A recent study suggests that infrequently taking nonsteroidal anti-inflammatory drugs, especially ibuprofen, in type 2 diabetes may increase the risk of heart failure and hospitalization.
A study published by the European Society of Cardiology points to a strong association between short-term use of non-steroidal anti-inflammatory drugs (NSAIDs) and first hospital admissions for heart failure in patients with type 2 diabetes. Patients aged 65 years and older had high hospitalization rates, while infrequent/new NSAID users were most at risk.
“In our study, about 1 in 6 patients with type 2 diabetes claimed at least one NSAID prescription within 1 year,” said author Dr. Anders Holt of the University Hospital of Copenhagen, Denmark, in a press release. “In general, we always recommend that patients consult their doctor before starting any new drug, and with the results of this study, we hope to help doctors reduce the risk when prescribing NSAIDs.”
Patients with type 2 diabetes are twice as likely to develop heart failure as non-diabetics. While previous evidence shows that NSAIDs increase the risk of heart failure in the general population, it is obvious that NSAIDs may pose a greater risk to the type 2 diabetes population; however, research on the relationship between NSAIDs and type 2 diabetes is limited, the researchers said.
Holt and team sought to analyze the risk of hospitalization in patients with type 2 diabetes due to heart failure due to short-term use of NSAIDs. The team turned to Danish registrars and identified 331,189 patients diagnosed with type 2 diabetes from 1998 to 2021. The mean patient age was 62 years and the study consisted of 44% women.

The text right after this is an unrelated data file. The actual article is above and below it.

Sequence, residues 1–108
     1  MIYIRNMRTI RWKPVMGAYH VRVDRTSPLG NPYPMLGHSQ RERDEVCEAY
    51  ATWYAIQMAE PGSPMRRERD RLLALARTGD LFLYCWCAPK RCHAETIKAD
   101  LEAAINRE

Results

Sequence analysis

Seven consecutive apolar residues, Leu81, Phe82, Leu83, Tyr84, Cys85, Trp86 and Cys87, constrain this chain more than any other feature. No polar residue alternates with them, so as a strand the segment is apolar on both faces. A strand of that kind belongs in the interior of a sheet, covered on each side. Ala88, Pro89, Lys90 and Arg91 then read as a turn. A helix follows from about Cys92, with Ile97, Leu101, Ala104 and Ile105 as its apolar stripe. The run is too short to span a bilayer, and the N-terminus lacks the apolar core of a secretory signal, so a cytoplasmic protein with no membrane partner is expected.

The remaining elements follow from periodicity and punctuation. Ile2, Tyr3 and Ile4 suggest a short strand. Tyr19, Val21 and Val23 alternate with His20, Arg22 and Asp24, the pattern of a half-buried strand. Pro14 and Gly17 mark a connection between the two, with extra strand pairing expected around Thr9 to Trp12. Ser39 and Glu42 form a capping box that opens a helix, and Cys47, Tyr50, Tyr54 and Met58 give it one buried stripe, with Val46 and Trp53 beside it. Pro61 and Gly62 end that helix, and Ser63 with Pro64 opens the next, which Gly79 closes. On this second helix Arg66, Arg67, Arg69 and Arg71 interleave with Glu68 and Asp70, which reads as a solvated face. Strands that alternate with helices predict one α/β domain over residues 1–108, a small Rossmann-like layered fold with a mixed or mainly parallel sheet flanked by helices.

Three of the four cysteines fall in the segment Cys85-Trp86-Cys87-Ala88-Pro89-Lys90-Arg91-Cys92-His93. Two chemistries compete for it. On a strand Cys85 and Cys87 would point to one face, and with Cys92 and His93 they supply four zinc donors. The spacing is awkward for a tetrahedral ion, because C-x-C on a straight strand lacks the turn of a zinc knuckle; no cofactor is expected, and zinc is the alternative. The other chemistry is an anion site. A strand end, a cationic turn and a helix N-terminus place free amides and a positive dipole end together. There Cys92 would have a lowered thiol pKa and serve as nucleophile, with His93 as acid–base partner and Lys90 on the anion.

Patients requiring long-term NSAIDs were not included in the study. Prescription oral NSAIDs include celecoxib, diclofenac, ibuprofen, and naproxen taken prior to heart failure.
The research team implemented a case-crossover design. After 1 year, 16% of patients stated they used 1 NSAID prescription and 3% reported using at least 3 prescriptions. Ibuprofen was the most common NSAID and was used by 12.2% of patients, followed by diclofenac in 3.3%. Less than 1% of patients were taking naproxen or celecoxib.
The use of NSAIDs in type 2 diabetics was associated with a greater risk of hospitalization for first-time heart failure, with 23,308 patients being first hospitalized after a median follow-up of approximately 6 years.
NSAID had an odds ratio (OR) of 1.43, but the risk of hospitalization for heart failure was greater for patients receiving ibuprofen (OR 1.48) and diclofenac (OR 1.46). Naproxen or celecoxib showed no increased risk, although the team suggests this may be due to fewer prescriptions.
Among the patient subgroups, patients with normal glycated hemoglobin (HbA1c) levels were not associated with increased hospitalizations due to the first heart failure. Patients 65 years and older had a strong association, but the strongest association was seen in patients who rarely used NSAIDs and new users.
Researchers cannot conclude that NSAIDs cause heart failure because it was an observational study. The study was also limited because researchers did not include data on OTC NSAID use.
“The results suggest that a potential increased risk of heart failure should be considered when taking these drugs,” Holt said in the press release. “On the contrary, the data indicate that it may be safe to prescribe short-term NSAIDs to patients under the age of 65 and those with well-controlled diabetes.”
European Society of Cardiology. Non-steroidal anti-inflammatory drugs associated with heart failure in patients with diabetes. EurekAlert! August 23, 2022. Accessed August 23, 2022. https://www.eurekalert.org/news-releases/962235